Harper Adams University chancellor Princess Anne speaks in favour of GM crops

Newport | Farming | Published: | Last Updated:

As chancellor of Shropshire's Harper Adams Univeristy, Princess Anne has never been backward in coming forward on agricultural issues.

The Princess Royal

Now she has put herself at odds with the Prince of Wales – by speaking out in favour of genetically modified crops.

The Princess Royal, who last visited the university near Newport when opening the Dairy Crest Innovation Centre last year, urged people to have an open mind about GM crops.

Harper Adams does pioneering work in how to improve yields at its Crop and Environment Research Centre.

Anne spoke of the importance for the world in exploring all methods.

She conceded the impact of GM crops might not be seen for a long time, but said to rule out the scientific technique "just in case" was not practical.

Her views appear contrary to Charles, a passionate organic farmer who in past years has spoken out against GM and is royal patron of the Soil Association. He has frequently tackled the topic over the last 20 years and remained critical of so-called "Frankenstein foods".

Anne's comments were made today's BBC Farming Today show.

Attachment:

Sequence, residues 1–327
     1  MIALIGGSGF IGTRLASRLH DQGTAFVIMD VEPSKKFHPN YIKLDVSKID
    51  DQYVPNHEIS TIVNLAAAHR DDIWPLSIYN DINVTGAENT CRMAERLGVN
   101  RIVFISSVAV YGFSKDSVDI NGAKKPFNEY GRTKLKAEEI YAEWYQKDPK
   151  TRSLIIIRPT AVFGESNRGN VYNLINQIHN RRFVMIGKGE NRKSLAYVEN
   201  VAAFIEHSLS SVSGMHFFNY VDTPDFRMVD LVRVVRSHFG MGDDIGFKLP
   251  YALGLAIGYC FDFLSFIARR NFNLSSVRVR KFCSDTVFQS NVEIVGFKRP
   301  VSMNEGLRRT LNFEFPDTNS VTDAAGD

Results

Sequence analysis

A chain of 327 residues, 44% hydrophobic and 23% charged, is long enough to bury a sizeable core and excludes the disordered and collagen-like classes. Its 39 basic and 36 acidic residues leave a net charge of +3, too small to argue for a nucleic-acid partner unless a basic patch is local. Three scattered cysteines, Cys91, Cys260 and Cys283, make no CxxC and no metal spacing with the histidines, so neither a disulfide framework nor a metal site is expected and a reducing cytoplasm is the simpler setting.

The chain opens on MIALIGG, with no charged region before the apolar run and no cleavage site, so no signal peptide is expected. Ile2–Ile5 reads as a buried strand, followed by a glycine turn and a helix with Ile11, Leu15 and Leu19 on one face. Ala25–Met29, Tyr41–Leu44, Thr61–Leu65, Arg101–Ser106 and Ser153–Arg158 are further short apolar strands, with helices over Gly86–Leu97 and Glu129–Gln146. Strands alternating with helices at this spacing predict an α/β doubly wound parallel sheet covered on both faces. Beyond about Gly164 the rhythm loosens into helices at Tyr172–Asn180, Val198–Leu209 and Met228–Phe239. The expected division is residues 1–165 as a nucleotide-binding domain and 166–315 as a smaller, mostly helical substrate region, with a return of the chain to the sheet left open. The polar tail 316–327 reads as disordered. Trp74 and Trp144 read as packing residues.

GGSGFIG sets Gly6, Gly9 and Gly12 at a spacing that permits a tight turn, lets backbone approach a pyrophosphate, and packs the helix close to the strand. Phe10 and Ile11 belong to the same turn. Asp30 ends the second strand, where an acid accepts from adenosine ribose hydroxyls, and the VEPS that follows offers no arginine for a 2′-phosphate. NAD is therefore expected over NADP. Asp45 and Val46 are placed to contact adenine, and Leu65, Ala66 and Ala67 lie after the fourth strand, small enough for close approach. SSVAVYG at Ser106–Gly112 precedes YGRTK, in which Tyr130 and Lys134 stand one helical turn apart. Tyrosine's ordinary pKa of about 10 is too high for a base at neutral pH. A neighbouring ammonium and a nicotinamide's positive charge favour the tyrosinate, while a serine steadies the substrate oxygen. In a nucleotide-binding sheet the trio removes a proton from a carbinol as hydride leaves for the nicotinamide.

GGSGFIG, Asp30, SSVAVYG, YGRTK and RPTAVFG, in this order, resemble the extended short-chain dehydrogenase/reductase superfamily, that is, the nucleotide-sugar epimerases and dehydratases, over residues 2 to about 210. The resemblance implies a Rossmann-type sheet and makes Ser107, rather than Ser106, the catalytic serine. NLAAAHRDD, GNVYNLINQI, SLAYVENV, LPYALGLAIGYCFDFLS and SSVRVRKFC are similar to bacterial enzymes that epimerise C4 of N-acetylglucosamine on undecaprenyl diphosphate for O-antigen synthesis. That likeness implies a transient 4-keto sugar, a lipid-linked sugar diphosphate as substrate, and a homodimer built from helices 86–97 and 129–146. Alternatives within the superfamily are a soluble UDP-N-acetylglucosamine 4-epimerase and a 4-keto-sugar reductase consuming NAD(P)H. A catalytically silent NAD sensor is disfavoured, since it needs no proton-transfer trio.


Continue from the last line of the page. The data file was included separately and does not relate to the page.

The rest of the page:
The princess, who farms in Gloucestershire, said: "GM is one of those things that divides people, but surely if we're going to be better at producing food of the right value then we have to accept that genetic technology - whether you call it modification or anything else - is going to be part of that."


GM crops are not grown commercially in the UK and trials of scientifically engineered plants are stringently vetted.

The princess added: "Most of us will argue that we've been genetically modifying food since man started to be agrarian, but everybody will say, 'well, it doesn't happen so quickly'.

"So being able to understand what those changes mean, if you change one aspect of a plant, then how does it affect the rest of the environment around it, does it have a long-term impact? There's probably a very long-term impact and we may not see that for quite a long time.

"And to say, 'no, we mustn't go there just in case', is probably not a practical argument.


"And I do think that in the future, your gene technology has got real benefits to offer, which will have maybe an occasional downside, but I suspect not very many."

Asked if, in a post-Brexit UK where growing GM crops was allowed, she could see the plants being cultivated on her land, she replied "yes".

Liz O'Neill, director of campaign group GM Freeze, said: "The Princess Royal is right to point out that changing one aspect of a plant can affect the rest of the environment around it.

"GM-growing countries are already suffering what the US National Academy of Sciences identified as 'major agricultural problems' caused by the cultivation of GM crops. Herbicide resistant superweeds, reduced biodiversity and the contamination of conventional and organic crops are much more than 'occasional downsides'.

"The harm done by GM crops is already all too real. It shows that you can't solve systemic problems one gene at a time."


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